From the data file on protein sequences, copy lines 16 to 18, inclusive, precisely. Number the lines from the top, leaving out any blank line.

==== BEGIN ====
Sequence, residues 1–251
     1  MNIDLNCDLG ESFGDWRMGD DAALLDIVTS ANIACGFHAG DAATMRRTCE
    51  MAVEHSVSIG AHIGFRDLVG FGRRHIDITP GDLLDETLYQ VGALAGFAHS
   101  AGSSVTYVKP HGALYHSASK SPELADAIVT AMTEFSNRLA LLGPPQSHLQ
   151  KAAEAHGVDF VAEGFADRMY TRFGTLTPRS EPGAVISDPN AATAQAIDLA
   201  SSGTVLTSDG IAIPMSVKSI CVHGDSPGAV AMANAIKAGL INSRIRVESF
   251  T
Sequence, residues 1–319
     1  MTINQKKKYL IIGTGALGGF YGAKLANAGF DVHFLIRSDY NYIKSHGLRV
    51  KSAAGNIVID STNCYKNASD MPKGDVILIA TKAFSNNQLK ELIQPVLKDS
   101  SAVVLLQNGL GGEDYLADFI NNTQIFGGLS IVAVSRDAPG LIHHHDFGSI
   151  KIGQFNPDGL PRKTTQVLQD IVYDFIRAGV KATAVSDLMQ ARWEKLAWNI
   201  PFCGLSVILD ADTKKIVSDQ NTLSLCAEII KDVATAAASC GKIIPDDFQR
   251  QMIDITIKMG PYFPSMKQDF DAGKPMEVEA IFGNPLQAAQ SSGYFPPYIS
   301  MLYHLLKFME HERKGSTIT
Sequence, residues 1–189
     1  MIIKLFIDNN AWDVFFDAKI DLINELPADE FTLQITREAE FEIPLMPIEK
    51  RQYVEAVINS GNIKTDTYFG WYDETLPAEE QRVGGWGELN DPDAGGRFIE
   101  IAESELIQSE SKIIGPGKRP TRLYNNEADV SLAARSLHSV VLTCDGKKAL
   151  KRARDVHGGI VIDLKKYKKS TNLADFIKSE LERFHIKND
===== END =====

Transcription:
Sequence, residues 1–189
     1  MIIKLFIDNN AWDVFFDAKI DLINELPADE FTLQITREAE FEIPLMPIEK
    51  RQYVEAVINS GNIKTDTYFG WYDETLPAEE QRVGGWGELN DPDAGGRFIE